By Chris Lee
The complexity of servicing multiple audiences in real time across the Web, social media and mobile platforms is a challenge for businesses in the era of the Social Web. According to Conrad Bennett of digital marketing technology company Webtrends, these new channels, combined with technological advancements, has meant the power of engagement is now in the hands of the consumer who has come to expect speed, ease-of-use and personalised experiences online.
This is where real-time analytics comes into its own, Bennett believes. When engagement and conversion comes down to a matter of seconds, retailers need to have the tools and solutions in place to be able to respond immediately with relevant content, personalised offers and experiences, he argues.
Real-time versus historical analysis
Bennett believes that traditional analytics have proved to be extremely valuable in providing insights that enable retailers to make decisions after a customer has engaged with the brand, and in informing future tactics around customer acquisition, conversion and on-going engagement. However, as consumer expectations continue to rise there is a pressing need for retailers to adapt new technologies that will enable as-it-happens visitor response, combining what they already know about a customer from prior visits with what is happening right now, he says.
“The ability to have data available within minutes or hours is a huge development,” he told NMK. “It enables retailers to make adjustments the same day, and more often than not, within a few hours. Retailers have the understanding of what is or isn’t working and the insight to justify changing it. Real-time analytics provides intelligence into visitor movement to, from and within a site, modifying messaging, content and offers to make immediate experiences more relevant, and to drive conversions.”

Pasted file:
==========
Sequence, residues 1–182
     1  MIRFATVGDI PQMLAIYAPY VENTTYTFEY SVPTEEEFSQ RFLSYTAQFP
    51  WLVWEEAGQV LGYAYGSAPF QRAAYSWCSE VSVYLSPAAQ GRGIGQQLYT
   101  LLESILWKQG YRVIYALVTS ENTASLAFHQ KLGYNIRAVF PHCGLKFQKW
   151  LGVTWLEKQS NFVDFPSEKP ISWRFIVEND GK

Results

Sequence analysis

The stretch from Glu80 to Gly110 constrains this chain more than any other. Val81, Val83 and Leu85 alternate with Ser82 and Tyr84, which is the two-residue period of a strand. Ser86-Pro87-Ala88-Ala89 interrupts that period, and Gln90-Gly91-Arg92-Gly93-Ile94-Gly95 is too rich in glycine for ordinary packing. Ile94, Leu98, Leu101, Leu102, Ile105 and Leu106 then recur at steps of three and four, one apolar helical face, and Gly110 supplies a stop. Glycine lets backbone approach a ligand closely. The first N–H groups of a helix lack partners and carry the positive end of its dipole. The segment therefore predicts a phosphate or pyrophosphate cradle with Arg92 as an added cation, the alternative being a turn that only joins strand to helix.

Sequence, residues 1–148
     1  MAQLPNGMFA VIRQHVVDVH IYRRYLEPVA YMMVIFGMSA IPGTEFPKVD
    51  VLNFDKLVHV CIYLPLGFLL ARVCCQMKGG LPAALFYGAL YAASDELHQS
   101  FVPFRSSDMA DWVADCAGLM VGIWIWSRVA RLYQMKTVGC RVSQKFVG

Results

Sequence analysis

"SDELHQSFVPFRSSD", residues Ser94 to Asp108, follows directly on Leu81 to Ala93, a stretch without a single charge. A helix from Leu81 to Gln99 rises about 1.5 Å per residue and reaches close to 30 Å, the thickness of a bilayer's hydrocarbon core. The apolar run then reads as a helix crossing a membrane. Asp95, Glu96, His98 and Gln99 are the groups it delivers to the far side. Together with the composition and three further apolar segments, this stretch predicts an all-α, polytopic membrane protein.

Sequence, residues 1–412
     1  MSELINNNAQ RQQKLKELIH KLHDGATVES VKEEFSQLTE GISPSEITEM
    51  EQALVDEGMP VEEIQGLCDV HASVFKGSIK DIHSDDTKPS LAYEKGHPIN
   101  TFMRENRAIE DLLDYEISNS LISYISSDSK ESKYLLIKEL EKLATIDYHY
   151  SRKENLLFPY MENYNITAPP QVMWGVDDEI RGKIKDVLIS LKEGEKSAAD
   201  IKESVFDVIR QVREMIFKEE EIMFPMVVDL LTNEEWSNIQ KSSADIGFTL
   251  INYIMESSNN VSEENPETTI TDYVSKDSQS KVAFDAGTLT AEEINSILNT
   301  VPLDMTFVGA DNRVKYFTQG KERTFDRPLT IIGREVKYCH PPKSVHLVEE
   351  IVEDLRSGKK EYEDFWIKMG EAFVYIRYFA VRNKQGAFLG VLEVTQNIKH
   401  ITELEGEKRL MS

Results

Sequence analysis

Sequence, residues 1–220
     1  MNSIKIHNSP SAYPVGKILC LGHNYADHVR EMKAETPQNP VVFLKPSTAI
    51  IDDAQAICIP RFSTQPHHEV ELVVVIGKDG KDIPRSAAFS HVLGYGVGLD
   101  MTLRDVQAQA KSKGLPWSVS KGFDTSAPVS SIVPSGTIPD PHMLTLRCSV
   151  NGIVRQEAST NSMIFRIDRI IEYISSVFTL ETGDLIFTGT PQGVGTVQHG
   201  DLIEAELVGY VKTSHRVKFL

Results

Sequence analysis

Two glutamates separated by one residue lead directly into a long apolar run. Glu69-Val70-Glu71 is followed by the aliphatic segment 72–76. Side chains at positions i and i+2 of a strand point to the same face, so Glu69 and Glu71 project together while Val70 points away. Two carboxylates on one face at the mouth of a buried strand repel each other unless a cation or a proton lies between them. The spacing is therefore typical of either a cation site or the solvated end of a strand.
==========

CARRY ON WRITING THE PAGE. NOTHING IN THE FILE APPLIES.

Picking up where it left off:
Understand trends as they happen
By harnessing the intelligence about customers behaviour while the customer is still on your site is key to delivering the most relevant experiences, Bennett advises.
“I stress the point that only by truly understanding the behaviour and trends of customers can a retailer make changes that will impact online experiences,” he said. “For example, as online retailers could enable content curators to change the featured products and articles in the background based on interest or preference, real-time data would provide immediate insight into the impacts of those changes.”
Take action on analytics
Data can be used to make important business decisions that can impact whether a sale is made or not, according to Bennett.
“Real-time insight empowers retailers to take instant action and takes away the fear of the unknown,” he added. “The pressure on retailers to provide seamless experiences online will continue to increase with the emergence of new digital touch points that are fuelled by customer expectations. The depth of insight into customer behaviours online has increased significantly, and the ability to access those insights to improve online experiences is evolving at the same rate.”
Bennett said digital analytics move fast, but customers move faster so the emphasis is on businesses in all sectors to keep up. < /p>